Q: I struggle with how to uphold intellectual freedom but still protect the students within specific age-groups at the school where I work. How much is too much when it comes to content? Where do I draw the line? I know having supportive reviews and selecting within the policy parameters are a must when considering a book for the library collection, but do positive reviews and age recommendations always mean a particular title is a good fit?
Every librarian struggles with this at some point or another (or many points throughout the year). But we challenge you to reconsider thinking about your work in terms of “protecting children.”
The role of a library media specialist is actually much more difficult: it’s to engage children and teens, educate them, challenge them, and excite them about reading and research by providing them with a wide range of books and other materials.
That’s a big job! And it’s a job you have to approach with a mind that is open to the possibility that any book has the potential to reach an individual child, if not dozens of children. Selection not only requires looking beyond our own tastes and opinions but also being willing to challenge our comfort zones and acknowledge that even if we aren’t ready for something to be in the library, the readers we serve may be. It’s about giving children options, and choices. No book in the library is required reading.
So does that mean every well-reviewed, age-recommended book is a good fit for your library? Not necessarily, especially as no one has the money to buy everything. But in determining whether you will purchase something, don’t let fears, or concerns about how adults might respond, be your guiding factor. And don’t make assumptions about the children, families, and community you serve.
So while you probably aren’t going to buy a book for an elementary school about abuse that is consistently recommended for age 12 and up, you absolutely should consider the book about abuse recommended for 9 and up, or even 10 and up, if reviews recommend it.
The idea of “protecting children” may also be a reason why someone raises a concern about specific materials in your collection, especially if those materials don’t align with their personal beliefs. Your job is to follow board-approved policies and procedures and the guidelines and criteria for selection outlined to make sure you are providing materials for everyone in the school community. If you let concerns about what others might think about the books you are considering for selection impact your decision-making, you run the risk of letting fear of what others may think or do define aspects of your collection, essentially giving power to an imagined, would-be censor, and abdicating your professional responsibility. Don’t approach collection development from a place of fear. Do think about about how you can fulfill your responsibility to provide materials for children, teens and families who welcome books that reflect a wide range of perspectives and experiences.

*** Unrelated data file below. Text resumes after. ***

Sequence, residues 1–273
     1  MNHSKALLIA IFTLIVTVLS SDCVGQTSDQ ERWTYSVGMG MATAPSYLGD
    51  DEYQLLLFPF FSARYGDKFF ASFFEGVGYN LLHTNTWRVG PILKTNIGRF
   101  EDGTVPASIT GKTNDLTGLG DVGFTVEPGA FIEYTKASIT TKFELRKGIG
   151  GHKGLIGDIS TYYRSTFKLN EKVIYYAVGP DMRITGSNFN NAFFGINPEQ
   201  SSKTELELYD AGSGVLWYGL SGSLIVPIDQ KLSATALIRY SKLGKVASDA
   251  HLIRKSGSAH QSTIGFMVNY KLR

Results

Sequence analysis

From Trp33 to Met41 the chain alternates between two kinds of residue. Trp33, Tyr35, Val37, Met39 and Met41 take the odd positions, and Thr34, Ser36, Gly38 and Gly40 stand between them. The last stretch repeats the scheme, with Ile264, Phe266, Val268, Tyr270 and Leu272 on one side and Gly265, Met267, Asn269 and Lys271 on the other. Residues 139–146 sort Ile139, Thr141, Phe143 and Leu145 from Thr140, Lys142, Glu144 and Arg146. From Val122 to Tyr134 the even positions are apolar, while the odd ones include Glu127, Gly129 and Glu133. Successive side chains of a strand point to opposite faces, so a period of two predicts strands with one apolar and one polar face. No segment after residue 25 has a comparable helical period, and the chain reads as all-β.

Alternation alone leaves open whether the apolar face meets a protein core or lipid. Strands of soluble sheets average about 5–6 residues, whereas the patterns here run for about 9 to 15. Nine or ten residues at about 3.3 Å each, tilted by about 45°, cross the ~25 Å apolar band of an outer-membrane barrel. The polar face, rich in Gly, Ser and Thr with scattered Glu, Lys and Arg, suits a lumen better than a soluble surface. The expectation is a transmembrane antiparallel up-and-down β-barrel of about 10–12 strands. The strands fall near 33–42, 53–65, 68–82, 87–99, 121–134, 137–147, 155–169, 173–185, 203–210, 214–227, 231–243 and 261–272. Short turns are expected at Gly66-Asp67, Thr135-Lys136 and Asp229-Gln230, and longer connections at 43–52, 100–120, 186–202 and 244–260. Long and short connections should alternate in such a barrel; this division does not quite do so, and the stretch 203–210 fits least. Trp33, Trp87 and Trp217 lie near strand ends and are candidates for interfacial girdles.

Approach selection with an open mind, and think about why you SHOULD purchase a book, rather than why you should not. Once you have your list of “these are the books I want to purchase” based on reviews and recommendations, then prioritize based on collection needs. For example, you might say, “We only have a couple of of picture book featuring same-sex parents, and this new one is getting good reviews. I’m going to put it in the ‘must get’ stack*. . . . This biography of Abraham Lincoln has so-so reviews and we have seven others already; I’m going to put it in a ‘get if there’s money left over’ stack … We don’t have many books showing people of color in science; this is a must-buy.” And so on.
This is part of what the hard and good work of being a librarian is about. It’s about making choices that collectively meet the needs of everyone in the community you serve, including students who may be ready for books many other students are not. It’s about realizing that children are dealing with difficult things in their lives all the time, and books can provide both a welcome escape from and needed reflection of those hard realities. It’s about meeting kids where they are at, but realizing that where they are at is different for each and every child. It’s about delighting their imaginations, affirming their many realities, and expanding their understanding of themselves, one another, and the world in which they live.
Thank you to Tessa Michaelson Schmidt for contributing to this response.
*In truth, we hope any elementary school has more than one picture book featuring same-sex parents. Read this What IF . . . question for more on this.